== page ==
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is anecdotal, but do the hurricanes seem to be getting worse over the yea rs ? seem to be getting worse over the years? well, they do. and there has been the so—called hurricane drought. you may have heard of it. it has been a while since a hurricane, a major hurricane has struck the us mainland, but it has been the case in other basins. the pacific has seen a number of hurricanes on mexico like hurricane patricia. there does seem to be an increase in the number of extreme powerful hurricanes, not necessarily an increase in the frequency of all hur kaebs, but there is an increase in the number of powerful hurricanes and this makes perfect sense if you consider sea furfas and this makes perfect sense if you consider sea fur fas temperatures have been rising and humidity from the sea is the main contributor to power of a hurricane which is what has been predicted for years and is what we're seeing. i don't know if
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your role as principal investigator as the hurricane project means you have stood in the middle of a hur kaeb, not in durham, i suspect, have stood in the middle of a hur kaeb, not in durham, isuspect, but in terms of what it is like to stand in winds of more than 100mph, can you stand in that? i have never stood in a powerful hurricane before. in weaker ones, yes, but! suspect in something like hurricane irma you simply just suspect in something like hurricane irma you simplyjust do not want to stand in the winds and i don't think it's possible. they are far too strong. i wasn't suggesting we fly you out! you wouldn't want to be there anyway, none of us does. i have seen the list of hurricane names that they have produced for next year and bis they have produced for next year and b is going to be hurricane brian. can you think of a hurricane called brian that could be really threatening? no. it is funny that you mentioned that actually, but there has been research on the psychology of hurricane names and
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a p pa re ntly psychology of hurricane names and apparently some names are viewed as less threatening than other names and fewer people evacuate, so the name ofa and fewer people evacuate, so the name of a hurricane does matter. certain names cause more devastation because people take them less seriously, they imagine them being more benign and potentially hurricane brian might be one of those. i suspect you and i have made hurricane brian one of the most terrifying things to come! thank you. let's find out what's going on with that and the weather. it is time to get a forecast from chris fawkes. disturbing news that hurricane irma mowed across the island of barbuda earlier on. it was about seven o'clock our time and it made a second land fall across st martin. this is expected to be a
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catastrophic storm in terms of damage. winds expected to reach 225 my. we will see some nasty scenes over the coming days and hours. tonight, it is going to be a quiet night. the cloud will increase across the north—west. there will be patchy outbreaks of rain. temperatures 12 or 13 celsius. colderfor temperatures 12 or 13 celsius. colder for the north—east of scotland. in the countryside a chilly one. temperatures low single figures. tomorrow, it will be a cloudy day across the north—west of the uk with outbreaks of rain and turning windy and with that cloud and rain, it will be a cool day, just 1a celsius in glasgow. a dry morning and probably much of the afternoon across central and eastern england, but here things will cloud over later in the day. that's your weather. hello, this is bbc news with simon mccoy at 11:30. the headlines. caribbean islands are being hit by hurricane irma, one of the most powerful atlantic storms in a century. it has blown the roofs off buildings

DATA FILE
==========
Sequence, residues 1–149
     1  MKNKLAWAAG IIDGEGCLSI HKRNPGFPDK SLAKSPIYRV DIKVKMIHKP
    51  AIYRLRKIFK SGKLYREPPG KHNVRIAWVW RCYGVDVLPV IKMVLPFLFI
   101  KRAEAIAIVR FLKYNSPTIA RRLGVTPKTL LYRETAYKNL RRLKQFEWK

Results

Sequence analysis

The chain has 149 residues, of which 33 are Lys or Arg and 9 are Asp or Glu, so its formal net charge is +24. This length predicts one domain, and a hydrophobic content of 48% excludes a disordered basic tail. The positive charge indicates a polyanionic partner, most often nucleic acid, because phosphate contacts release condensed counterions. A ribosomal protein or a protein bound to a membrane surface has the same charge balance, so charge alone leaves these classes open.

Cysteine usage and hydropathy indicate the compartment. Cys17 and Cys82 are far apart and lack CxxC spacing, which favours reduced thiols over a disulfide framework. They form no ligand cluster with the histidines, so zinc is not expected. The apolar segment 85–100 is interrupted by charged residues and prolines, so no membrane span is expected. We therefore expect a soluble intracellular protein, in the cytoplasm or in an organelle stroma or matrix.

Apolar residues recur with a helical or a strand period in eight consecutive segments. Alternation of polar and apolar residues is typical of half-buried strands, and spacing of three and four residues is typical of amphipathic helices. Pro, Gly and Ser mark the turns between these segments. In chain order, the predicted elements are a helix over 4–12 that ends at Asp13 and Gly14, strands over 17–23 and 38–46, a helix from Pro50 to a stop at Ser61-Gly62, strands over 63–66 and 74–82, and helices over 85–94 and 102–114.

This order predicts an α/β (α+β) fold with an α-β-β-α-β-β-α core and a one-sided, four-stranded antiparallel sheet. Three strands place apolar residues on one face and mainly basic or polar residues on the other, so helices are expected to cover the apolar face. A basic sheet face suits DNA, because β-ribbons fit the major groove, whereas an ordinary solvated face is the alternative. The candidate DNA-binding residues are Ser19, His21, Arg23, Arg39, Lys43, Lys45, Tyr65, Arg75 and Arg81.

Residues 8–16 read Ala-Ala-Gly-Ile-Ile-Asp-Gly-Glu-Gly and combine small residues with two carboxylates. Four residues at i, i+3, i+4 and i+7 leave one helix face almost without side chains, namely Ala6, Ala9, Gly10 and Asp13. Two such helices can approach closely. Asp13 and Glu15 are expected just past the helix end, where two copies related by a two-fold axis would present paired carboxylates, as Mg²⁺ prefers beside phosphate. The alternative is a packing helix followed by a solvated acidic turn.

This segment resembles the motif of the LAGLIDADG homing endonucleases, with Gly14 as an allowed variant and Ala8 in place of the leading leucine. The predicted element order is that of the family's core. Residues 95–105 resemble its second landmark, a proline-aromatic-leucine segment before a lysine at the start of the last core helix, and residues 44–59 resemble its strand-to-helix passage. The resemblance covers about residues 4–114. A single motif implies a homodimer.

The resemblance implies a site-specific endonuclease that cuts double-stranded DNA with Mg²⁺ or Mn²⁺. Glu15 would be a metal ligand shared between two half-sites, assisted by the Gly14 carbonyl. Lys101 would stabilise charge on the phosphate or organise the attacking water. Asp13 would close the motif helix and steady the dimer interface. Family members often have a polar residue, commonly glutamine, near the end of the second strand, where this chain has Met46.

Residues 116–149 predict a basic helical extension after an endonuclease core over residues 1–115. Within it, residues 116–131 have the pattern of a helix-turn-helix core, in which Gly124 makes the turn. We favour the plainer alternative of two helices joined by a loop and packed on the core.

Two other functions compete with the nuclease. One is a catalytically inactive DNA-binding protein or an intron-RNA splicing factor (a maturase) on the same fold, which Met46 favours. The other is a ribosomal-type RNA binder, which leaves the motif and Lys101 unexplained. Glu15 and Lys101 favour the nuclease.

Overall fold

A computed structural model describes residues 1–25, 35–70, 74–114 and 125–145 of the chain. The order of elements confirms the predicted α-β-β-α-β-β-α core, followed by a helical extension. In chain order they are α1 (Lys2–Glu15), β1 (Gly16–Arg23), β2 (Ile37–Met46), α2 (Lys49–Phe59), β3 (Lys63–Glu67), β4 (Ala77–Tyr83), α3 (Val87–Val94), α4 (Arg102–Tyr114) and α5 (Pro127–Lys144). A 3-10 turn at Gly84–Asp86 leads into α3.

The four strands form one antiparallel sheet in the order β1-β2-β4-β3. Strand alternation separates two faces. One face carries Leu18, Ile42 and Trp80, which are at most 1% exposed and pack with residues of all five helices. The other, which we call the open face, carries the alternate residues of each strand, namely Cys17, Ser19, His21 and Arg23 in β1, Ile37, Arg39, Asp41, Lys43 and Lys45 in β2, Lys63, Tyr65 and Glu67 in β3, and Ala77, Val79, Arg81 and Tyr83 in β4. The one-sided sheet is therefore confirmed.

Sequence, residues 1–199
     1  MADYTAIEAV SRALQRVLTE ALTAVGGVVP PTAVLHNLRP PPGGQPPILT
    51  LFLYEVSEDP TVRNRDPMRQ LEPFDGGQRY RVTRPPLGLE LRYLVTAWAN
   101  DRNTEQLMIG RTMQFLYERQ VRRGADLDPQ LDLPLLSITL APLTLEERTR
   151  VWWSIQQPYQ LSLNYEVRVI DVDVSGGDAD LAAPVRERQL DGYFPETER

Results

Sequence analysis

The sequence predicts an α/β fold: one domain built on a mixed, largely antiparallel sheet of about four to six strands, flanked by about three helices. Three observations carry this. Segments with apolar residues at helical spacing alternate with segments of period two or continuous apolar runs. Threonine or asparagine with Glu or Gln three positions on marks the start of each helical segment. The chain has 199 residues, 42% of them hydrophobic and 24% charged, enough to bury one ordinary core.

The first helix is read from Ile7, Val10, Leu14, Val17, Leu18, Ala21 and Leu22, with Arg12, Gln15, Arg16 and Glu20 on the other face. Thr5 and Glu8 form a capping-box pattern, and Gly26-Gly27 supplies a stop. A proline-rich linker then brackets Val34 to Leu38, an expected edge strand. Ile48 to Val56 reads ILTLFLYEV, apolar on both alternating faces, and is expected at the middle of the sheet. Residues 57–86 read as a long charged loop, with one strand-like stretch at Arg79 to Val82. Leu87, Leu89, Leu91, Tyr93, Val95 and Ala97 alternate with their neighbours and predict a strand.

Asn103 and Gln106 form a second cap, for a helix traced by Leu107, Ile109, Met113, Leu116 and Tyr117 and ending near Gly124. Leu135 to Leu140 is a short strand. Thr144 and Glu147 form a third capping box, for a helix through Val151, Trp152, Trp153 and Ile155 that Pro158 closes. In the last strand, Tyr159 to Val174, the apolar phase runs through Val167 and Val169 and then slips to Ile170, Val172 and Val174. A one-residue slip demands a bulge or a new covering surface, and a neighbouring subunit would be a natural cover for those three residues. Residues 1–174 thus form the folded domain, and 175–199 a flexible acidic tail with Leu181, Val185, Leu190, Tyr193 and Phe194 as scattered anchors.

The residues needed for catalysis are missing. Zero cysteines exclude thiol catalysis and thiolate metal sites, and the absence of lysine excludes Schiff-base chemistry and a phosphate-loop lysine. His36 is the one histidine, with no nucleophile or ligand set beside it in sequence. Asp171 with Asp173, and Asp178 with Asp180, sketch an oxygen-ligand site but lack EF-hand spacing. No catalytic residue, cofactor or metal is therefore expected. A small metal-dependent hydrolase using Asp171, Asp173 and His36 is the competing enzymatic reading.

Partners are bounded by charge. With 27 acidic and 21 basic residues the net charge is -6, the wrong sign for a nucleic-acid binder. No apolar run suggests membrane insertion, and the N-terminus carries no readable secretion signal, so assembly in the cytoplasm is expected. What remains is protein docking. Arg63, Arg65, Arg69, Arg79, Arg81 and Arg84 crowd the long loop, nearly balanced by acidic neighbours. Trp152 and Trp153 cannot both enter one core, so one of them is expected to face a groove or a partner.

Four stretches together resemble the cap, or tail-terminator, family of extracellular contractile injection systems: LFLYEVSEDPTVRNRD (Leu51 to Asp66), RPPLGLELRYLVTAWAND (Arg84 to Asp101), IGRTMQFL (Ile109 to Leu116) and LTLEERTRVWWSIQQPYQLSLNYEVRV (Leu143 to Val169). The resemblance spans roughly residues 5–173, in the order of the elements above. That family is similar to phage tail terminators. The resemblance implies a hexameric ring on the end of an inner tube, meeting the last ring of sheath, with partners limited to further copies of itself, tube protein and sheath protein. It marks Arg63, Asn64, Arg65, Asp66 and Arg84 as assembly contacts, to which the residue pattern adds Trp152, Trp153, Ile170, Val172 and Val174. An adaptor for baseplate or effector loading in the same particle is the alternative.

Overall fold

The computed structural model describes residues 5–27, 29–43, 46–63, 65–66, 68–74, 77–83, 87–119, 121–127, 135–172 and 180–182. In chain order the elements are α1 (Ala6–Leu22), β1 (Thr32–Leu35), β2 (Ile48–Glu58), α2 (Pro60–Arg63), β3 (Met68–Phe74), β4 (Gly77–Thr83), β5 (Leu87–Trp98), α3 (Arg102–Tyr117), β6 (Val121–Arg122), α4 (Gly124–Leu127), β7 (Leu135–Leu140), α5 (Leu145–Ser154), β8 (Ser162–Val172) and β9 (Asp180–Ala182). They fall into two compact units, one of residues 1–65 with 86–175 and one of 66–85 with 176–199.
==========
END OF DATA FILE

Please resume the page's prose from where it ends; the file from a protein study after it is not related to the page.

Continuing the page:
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on saint barts and saint martin, and has cut communications. the mayor of london says leaked documents... a new approach is needed after brexit. nurses have staged a protest outside parliament calling for an end to the 196 parliament calling for an end to the 1% public sector pay cap. there have been indications the government is preparing to relax the limit proposed seven years ago. sinn fein's called for new negotiations to try to restore a power sharing government in northern ireland. the stormont executive collapsed in january after months ireland. the stormont executive collapsed injanuary after months of talks failed to overcome a series of disputes with the dup. time for the sport now. he hasn't played sincejuly but today andy murray has confirmed he's likely to miss the rest of the tennis season with a hip injury.
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he posted on social media he was confident after an extended period of rest and rehabilitation, he'd be challenging for grand slams again next season. he plans to return at the brisbane international which starts on new year's eve. england have made one change to their team for the third and final test against west indies at lord's. the series is level at one—all. bowler toby roland— jones comes into the team for chris woakes. he was dropped for the game at edgbaston in favour of woakes, who was returning from injury. this test will be england's last before the winter's ashes. the labour party wants a ban on gambling firms sponsoring this week we went in thinking, which side is going to win in these conditions. we looked at the surface, the way toby's been bowling, it was a great asset to have him come back in and produce the form that he did last summer. we